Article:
“Exploring in our Land Rovers in the desert wilderness was very special.  It was wonderful to be so far from city life. Sometimes we got caught in flash floods, and I certainly didn’t like feeling lost, so Dad and the Land Rover helped me overcome that.”

“My most memorable trip was from St. George, UT, where we traveled some 90 miles on private lands to a cave by an old volcano. The cave was filled with amazing petroglyphs. The landscape was filled with table top looking rocks! “

Karen took her Environmental Science and Forestry degree from Adrian College. An early job saw her working for a utility company, overseeing tree limb clearing in Detroit. With the birth of her daughters Lucy [now 10] and Claire [8], she became a “stay at home mom” and as a side job, starting painting furniture. When she didn’t like the toxicity of the paints available, she used her chemistry knowledge to create Wise Owl Paints, now manufactured in Michigan and sold by 250 dealers in the US, Canada, the Netherlands and Australia.

She longed to return to her British car roots [her first daily driver was an MG Midget] and find a Land Rover for herself. When Commonwealth Classics [see sidebar on p ___] posted a photo of what appeared to be a ’71 Series II-A, she jumped on the opportunity to buy it. Even more special, it turned out to be a Land Rover Santana. With its 2.25 diesel, it could be a slow go, but a Rovers North high ratio transfer case makes it much more usable for today’s driving. The Santana is named “Veruca”, after both the band and the loud and noisy character from “Charlie and the Chocolate Factory.”

When Karen sought out a Canadian distributor for her company, she met Titia Emrich, Leamington, ON, and immediately found a kindred spirit. Titia is another enthusiast whose done “everything — missionary, chiropractic clinician, veterinary technician, and eventually, restoring and refinishing furniture. That’s how I came across Karen’s paints. Once we spoke to each other, we realized that we shared so much!”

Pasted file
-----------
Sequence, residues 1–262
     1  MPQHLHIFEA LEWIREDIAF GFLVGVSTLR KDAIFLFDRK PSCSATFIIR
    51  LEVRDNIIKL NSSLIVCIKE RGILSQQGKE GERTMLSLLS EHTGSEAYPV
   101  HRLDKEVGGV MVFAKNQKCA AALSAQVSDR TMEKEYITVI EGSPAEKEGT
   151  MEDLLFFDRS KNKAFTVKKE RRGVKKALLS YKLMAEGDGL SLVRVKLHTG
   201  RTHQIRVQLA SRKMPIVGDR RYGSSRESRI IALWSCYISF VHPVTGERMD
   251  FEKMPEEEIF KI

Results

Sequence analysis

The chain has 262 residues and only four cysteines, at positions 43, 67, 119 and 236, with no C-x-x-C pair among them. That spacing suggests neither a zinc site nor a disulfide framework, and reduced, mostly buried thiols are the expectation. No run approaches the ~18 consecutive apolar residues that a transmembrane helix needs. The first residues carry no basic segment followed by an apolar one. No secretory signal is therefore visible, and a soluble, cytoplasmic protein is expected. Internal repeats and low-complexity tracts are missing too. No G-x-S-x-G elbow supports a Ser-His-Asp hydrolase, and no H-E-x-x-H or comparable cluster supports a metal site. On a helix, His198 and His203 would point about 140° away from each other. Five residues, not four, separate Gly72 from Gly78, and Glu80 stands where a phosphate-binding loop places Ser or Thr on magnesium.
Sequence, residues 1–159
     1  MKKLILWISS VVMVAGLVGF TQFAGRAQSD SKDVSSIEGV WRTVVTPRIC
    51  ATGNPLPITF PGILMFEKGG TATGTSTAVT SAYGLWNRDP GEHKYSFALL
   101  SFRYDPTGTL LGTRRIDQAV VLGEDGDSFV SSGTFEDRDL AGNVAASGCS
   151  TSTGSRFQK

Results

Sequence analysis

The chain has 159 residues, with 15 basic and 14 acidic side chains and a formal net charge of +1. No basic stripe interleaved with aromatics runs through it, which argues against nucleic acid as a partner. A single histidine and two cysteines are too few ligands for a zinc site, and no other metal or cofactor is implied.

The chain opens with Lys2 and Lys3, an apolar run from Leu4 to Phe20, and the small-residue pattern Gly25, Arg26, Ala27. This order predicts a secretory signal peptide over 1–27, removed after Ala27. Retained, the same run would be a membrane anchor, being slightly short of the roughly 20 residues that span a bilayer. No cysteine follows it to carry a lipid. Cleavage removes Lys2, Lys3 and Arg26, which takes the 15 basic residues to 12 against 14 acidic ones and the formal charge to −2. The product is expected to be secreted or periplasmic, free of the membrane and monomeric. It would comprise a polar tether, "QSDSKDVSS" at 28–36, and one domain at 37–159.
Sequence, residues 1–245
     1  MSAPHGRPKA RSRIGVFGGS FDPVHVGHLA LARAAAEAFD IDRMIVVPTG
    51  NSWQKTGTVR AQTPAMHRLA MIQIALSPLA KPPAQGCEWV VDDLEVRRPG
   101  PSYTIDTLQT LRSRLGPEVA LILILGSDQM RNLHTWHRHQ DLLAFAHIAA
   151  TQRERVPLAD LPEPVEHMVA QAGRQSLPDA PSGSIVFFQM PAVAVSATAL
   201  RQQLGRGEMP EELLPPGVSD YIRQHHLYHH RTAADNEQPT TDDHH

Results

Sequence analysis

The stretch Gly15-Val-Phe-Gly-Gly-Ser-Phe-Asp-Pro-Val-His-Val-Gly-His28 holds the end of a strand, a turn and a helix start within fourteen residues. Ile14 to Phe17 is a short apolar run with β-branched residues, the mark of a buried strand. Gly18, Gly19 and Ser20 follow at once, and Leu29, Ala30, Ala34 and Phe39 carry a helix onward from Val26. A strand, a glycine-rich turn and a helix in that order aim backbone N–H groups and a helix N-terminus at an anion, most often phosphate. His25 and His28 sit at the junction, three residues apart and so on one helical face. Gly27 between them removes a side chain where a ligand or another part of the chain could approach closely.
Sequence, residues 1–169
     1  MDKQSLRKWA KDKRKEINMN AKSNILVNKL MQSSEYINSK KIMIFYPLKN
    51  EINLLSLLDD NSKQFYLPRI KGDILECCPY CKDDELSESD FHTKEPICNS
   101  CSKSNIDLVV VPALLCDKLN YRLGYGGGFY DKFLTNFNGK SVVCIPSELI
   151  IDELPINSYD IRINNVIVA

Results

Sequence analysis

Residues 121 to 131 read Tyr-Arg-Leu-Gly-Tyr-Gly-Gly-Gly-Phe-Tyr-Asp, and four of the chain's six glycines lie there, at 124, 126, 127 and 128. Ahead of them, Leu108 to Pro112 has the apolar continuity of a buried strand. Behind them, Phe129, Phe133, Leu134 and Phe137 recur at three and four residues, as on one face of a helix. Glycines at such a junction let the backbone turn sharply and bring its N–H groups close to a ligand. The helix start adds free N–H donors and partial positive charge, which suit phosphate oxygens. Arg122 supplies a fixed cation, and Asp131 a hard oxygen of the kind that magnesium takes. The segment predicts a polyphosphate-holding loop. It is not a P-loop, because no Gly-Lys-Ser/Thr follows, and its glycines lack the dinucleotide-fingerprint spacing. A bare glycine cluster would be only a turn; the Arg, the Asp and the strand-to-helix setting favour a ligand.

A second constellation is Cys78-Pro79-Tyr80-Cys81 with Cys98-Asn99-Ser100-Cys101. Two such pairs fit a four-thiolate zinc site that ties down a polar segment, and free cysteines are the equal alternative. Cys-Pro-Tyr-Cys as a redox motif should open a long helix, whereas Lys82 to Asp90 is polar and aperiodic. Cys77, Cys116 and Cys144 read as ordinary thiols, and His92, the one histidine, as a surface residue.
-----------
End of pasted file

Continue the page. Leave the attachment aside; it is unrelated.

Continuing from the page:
“My husband, Rolf, is a Mustang enthusiast, but I’ve always liked ‘put-put’ cars — Karmann Ghias, VW Things. When Karen bought her Santana, I thought, ‘Cool!’ I’d been looking for nearly 15 for the right car. When I spoke to Commonwealth Classics, I wondered out loud if Karen might be annoyed if I bought a Santana that looked just like hers. They said, ‘No, she’d be thrilled!’”

That’s how I purchased my ’79 Santana Hardtop, also with a 2.5 diesel and with 63,000 km. A farmer in Spain had been the original owner and when he sold it, he handed over everything connected with the Santana. That’s how I got the keys to the vehicle, their house and their storage shed. Someday I hope to go to Spain and try and unlock doors!” Titia named it Cruz79.  Her mechanic likes it so much that when she offered to move it from his lot, he looked downcast and said, “You mean I can’t keep it?”

Karen and Titia hope to share off-road adventure in their matching Santanas. She claims, “Adventure is currency to Land Rover enthusiasts. Doing something that shakes you up — that’s a Land Rover person.” Both agree that if their husbands are good, they can come along.